politically sensitive data," the ONG (PI) denounced in a statement to Reuters.
False news and trolls dominated public discussion and fueled tension
and ethnic clashes in the days leading up to the polls.
Then there are the 'bots'. In August 2017, Trump thanked one Nicole
in a tweet for congratulating him on "working for the American people".
With 150,000 followers on Twitter,
Mincey seemed to be, by her comments
and her photo, an African American follower of the Republican leader.
But it turned out that, in reality, it was nothing more than the avatar
of a computer program - just another 'bot'.
Trump himself acknowledged that he
wouldn't have won the election without Twitter. But, perhaps, it
was not because of the support of Internet users, but because of the
army of 'bots' that amplified his reach. These are accounts that do not
belong to real users: they are managed by software that mimics human
behavior - the 'bots'. In May 2017, a study by the University of Georgia showed that
they can serve to spread political messages on a massive scale and turn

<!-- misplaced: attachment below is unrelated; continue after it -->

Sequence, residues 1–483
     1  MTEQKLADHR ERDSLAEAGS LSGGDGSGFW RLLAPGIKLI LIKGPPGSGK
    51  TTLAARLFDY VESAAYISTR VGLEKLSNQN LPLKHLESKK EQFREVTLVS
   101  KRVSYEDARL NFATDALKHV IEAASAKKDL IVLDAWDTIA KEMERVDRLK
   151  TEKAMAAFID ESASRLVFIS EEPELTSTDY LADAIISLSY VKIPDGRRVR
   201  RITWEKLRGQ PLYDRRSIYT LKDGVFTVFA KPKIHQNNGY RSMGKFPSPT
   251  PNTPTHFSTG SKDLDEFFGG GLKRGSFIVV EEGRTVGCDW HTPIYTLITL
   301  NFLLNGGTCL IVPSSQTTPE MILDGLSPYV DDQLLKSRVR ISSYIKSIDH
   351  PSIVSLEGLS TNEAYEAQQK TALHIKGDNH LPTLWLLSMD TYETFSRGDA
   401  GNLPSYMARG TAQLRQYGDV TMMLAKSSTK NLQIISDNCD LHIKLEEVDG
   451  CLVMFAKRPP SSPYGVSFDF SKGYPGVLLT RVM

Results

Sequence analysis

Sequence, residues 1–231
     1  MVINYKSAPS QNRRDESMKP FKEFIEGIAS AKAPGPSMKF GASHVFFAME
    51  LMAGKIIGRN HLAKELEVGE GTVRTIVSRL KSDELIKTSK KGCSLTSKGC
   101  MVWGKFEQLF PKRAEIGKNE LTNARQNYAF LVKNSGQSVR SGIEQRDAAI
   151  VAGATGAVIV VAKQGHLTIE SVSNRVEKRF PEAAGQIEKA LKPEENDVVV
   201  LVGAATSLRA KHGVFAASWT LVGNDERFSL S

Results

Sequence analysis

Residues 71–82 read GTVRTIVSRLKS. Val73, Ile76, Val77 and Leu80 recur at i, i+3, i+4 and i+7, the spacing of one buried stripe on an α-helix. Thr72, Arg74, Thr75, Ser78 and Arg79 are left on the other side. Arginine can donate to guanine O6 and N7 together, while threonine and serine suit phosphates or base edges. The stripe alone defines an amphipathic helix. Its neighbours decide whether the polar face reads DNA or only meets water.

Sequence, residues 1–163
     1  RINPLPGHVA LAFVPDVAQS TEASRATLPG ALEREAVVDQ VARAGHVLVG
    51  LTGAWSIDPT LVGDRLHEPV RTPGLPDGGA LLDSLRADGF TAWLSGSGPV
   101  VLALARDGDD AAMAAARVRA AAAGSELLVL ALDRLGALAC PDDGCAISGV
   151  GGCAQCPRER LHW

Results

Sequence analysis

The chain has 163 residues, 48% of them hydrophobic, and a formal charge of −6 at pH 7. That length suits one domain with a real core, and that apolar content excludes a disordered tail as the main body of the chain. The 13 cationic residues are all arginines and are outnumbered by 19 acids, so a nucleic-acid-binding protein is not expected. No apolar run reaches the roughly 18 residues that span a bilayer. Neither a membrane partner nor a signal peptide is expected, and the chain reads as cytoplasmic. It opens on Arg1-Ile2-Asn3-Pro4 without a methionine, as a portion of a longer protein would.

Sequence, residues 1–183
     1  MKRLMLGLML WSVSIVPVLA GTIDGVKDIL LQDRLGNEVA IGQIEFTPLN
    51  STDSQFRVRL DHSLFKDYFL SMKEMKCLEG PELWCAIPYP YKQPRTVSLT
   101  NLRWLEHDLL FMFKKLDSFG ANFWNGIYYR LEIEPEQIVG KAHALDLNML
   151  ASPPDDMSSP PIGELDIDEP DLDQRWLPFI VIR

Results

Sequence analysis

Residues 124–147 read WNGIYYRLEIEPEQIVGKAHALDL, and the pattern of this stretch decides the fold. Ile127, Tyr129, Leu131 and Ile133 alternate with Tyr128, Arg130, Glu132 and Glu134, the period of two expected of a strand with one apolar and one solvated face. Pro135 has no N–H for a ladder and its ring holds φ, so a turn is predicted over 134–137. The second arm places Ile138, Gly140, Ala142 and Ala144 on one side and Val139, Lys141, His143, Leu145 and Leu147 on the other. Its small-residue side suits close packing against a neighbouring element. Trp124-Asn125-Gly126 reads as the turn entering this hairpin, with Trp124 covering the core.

them into a trending topic in just a few hours, pretending that it is
real people who are sharing their feelings or opinions.
The Russian agency Internet Research,
also known as Kremlinbots or
Olgino Trolls, specializes in
these techniques. His 'bots' farm produced
and disseminated thousands of Facebook
and Instagram posts to
the blonde magnate's campaign in the last U.S. elections, as Wired
magazine reported in depth. In fact, in February 2018, the U.S.
Department of Justice condemned this agency for having
its political processes.
Similar methods are used in China and Russia to support the regime's
ideas or divert attention from sensitive issues. And they have come to
the forefront in many other countries, such as France, where they made
failed attempt to discredit Macron before the last elections.